The army knows exactly why there’s a rise in COVID-19 cases in Thailand. It’s the illegal migrant workers. They are bad people, General Prawit Wongsuwan said as much. And last night (22 Dec), General Prayut Chan-o-cha said pretty much the same.
The prime minister said the infection increased because of bad people and that all Thais should help each other protect ourselves. He congratulated Thailand (himself) on strict measures that have successfully prevented the spread of the disease. He said that the Thai economy is hit less hard by the pandemic than other countries. He then criticized countries with less strict measures and said this is why their economies have been hit harder.
Don’t let them burn down Ayutthaya again.
Before last night’s announcement, the army already identified the culprit of the sudden rise in the infection. It thus caused panic and reactionary response: treat the virus as if it’s another Myanmar invasion.
The border is 5,526 kilometers long, defended by six army divisions and one navy division. Army Spokesperson Lieutenant General Kongcheep Tantarawanit said the military commands had ordered an additional five army companies to patrol the border. More bicycles, vehicles, and patrol boats will be deployed, plus more security cameras, barb-wire fences, and patrol drones.
Not a single Myanmar would slip through, they hope.
They are wrong.
Ask Donald Trump about building a wall to prevent migrant workers from jumping the borders. It doesn’t work, and it’s inhumane.
This is how the migrant workers come in.
The Thai economy relies on migrant workers, from the various factories to building sites and to your maid in the kitchen. Factory owners collaborate with agents across the border to bring in the migrant workers. Some of them are new faces; some of them are familiar faces. All of them couldn’t get across the border to work and fuel Thailand’s economy, as well as sending money back home to families.
Why? Because Thailand makes no effort to bring them in through safe and proper channels. We don’t even do it for our citizens, who are migrant workers stuck abroad. So what chance have the Myanmar workers got?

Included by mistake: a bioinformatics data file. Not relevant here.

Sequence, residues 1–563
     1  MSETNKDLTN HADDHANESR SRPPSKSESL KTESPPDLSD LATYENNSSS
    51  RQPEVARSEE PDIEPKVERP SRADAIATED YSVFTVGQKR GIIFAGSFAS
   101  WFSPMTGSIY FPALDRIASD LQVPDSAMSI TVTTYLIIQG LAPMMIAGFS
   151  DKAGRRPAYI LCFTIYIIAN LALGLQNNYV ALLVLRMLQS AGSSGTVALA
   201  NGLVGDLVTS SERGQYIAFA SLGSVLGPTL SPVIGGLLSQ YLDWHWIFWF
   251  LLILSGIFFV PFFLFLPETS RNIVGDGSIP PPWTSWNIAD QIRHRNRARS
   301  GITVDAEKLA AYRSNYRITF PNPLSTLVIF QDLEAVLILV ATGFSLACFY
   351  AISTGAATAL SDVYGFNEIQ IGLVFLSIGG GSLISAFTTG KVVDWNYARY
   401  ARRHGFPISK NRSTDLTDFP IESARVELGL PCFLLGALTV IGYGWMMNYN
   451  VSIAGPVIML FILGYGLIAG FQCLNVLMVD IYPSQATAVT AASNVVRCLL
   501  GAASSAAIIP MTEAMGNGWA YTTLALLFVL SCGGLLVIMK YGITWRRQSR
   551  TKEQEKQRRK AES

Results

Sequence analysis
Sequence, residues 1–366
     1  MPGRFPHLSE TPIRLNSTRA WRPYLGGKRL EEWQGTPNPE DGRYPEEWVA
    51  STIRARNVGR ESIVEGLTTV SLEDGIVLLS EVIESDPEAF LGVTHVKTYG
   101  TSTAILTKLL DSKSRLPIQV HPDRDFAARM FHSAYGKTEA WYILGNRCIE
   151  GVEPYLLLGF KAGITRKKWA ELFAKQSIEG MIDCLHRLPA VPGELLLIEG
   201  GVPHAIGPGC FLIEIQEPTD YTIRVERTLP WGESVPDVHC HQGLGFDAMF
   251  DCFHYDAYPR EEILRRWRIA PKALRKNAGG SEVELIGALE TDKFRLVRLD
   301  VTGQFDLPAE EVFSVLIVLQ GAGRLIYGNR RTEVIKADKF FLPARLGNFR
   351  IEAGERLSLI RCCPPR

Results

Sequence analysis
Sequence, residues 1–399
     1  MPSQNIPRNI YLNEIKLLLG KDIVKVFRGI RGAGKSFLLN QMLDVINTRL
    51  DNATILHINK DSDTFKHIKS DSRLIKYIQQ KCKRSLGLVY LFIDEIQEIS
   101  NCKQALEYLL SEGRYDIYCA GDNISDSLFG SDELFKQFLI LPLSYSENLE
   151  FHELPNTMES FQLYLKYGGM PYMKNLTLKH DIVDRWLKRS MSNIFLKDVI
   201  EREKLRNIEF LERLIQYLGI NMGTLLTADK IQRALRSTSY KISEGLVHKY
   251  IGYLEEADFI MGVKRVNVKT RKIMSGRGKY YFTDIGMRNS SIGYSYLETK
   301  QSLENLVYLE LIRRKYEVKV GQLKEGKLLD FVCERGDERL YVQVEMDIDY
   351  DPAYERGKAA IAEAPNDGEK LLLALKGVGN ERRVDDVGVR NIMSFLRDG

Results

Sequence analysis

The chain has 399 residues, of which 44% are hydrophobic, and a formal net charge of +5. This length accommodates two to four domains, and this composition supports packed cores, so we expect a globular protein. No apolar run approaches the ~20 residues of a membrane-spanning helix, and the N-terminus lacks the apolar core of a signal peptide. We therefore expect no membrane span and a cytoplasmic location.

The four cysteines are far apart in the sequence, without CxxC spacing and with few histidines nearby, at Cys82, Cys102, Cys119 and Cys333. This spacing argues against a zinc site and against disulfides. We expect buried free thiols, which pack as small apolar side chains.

Migrant workers can’t afford to pay for a 14-day quarantine. So what do they do? They break the rules. But also, Thai factory owners break the rules.
But of course, according to General Prawit, no Thai officials accept bribes to get the workers across the borders. Of course not. No way, not possible. Bribery in Thailand? Perish the thought.
Why not make the rules sensible?
The half-and-half program General Prayut is so proud of? Make the factory owners pay half, and the government pays half for the 14-day quarantine of migrant workers. Let’s go half-and-half with the fit-to-fly (or fit-to-walk-across-the-borders) certification also.
It’s an investment by both the factory owners and the government.
Bring them in through the proper channel with sufficient safety measures and treat them humanely. The key is to effectively open up the borders, not to blindly close them down.
COVID-19 is here. It’s not going anywhere anytime soon. Learn to live with it.
Stop the fear and panic.
To date, there have been 77,051,312 confirmed cases of COVID-19 worldwide. Of which, there are 1,693,095 deaths, and 43,857,997 people have recovered.
It’s a dangerous pandemic. Every death is tragic. But it’s a 2.2% death rate worldwide, and in Thailand, the death rate is 1%.
How do people recover?
Stay at home or the hospital for a couple of weeks. Take medicine regularly. Drink lots of water. Get lots of rest. And then, you’re ready to party again.
Stop the fear and panic that leads to reactionary measures. We need cool heads and practical measures that are both humane and mindful that people’s lives and the economy have to go on.